At first I thought it was going to be a complete bust. I thought I’d end up sitting by myself at a café with nothing to do, and no one to talk to. But boy, was I wrong! I stayed in Bondi Beach, a local area, and immediately fell in love. The shop, café, and restaurant-lined street made me feel like I was meant to be there, and I even texted my mom to tell her I wanted to move.

Since I was solo, I was really able to take in my surroundings, and discover how it feels to live in this other world. I figured out how to budget my money, and although I ate pizza for every meal, I felt so proud and excited to be figuring out how to be completely on my own. It wasn’t long before I felt comfortable walking from place to place in Sydney, and taking the City Sightseeing tour bus – which doubled as transportation – to and from my “apartment” in Bondi.

I became so confident with myself that other tourists would stop me to ask if I knew how to get to certain streets! It also made me not only comfortable, but also eager to meet people.

Just by smiling, saying hello, or even taking a photo for someone led to a new friendship, which six months later, still exists. These new friends made me love Sydney and Bondi even more than I already did.

I told my new friends about my volunteer trip in South Africa, my misfortune in Thailand, and how I had be winging it with my limited amount of cash in Sydney, and their responses were the greatest compliment I’ve ever received.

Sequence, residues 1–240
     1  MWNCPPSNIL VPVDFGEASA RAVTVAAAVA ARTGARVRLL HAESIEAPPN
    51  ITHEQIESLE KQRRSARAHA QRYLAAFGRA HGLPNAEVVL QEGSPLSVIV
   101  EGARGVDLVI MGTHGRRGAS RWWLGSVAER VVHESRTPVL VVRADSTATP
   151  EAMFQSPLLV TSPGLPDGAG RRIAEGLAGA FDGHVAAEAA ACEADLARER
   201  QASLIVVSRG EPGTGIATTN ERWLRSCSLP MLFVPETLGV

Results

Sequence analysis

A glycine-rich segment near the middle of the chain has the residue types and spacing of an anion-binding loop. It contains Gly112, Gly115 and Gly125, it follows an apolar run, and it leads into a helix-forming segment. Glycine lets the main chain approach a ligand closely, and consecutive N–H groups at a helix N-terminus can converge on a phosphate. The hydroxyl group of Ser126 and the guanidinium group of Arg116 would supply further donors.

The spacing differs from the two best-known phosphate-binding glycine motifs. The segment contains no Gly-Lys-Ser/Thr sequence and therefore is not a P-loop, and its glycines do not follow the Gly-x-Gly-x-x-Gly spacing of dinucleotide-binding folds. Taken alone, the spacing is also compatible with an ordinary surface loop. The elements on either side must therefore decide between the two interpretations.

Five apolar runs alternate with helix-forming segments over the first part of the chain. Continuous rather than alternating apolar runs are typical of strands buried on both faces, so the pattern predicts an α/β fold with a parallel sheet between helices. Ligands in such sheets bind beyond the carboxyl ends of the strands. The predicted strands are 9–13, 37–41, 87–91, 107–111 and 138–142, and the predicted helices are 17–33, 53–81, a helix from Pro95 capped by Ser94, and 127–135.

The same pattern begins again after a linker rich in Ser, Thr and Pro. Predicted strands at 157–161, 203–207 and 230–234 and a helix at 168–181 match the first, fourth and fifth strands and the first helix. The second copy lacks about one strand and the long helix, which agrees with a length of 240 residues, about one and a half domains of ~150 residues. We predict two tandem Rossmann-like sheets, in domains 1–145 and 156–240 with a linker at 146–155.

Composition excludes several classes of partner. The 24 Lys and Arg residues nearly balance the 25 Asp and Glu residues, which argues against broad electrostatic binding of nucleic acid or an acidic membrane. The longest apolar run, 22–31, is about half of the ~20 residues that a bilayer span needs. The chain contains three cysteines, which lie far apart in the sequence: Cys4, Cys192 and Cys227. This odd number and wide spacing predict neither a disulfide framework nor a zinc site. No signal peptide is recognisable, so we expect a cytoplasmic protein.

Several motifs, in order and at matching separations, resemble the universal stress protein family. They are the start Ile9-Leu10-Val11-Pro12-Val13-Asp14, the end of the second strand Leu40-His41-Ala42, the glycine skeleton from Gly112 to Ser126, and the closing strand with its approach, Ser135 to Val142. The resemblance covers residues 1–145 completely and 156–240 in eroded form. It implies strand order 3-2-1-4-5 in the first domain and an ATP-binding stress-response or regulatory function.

They told me I inspired them. They said they were so inspired that I had made it around the world despite many hurdles, and was still so confident and happy, that it made them want to travel more and help others.

Suddenly, I had found my purpose in traveling. I travel to inspire others.

As luck would have it, my new friends took me in, and took me around Sydney and Bondi as if I had lived there forever. I knew I couldn’t afford to eat at the places they would take me, but when they noticed I was only ordering one house wine and a glass of water, they insisted on treating me so I could really experience local life.

These strangers who I had only just met helped me so much, and it made me realize something. If you’re kind, grateful, genuine, and confident, your energy will be noticed and appreciated by other people. I realized that I really was all of those things, and even more importantly, I was happy.

 

I thought I was so lost when I first got to Sydney, both literally and figuratively. But by the end of my journey…I realized I had found myself.

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I have always been afraid of the dark.  I do my best to say this with as little shame and embarrassment as possible, given my age (let’s just say, “twenty-something”).  From childhood my irrational fears transitioned from monsters to ghosts to intruders in the night, with scary movies serving as fuel for my overactive imagination. I remember once confessing this fear in my late teens only to be asked the question, is it truly the dark you fear, or the unknown?  I was stumped, and I could only mutter, “Both?”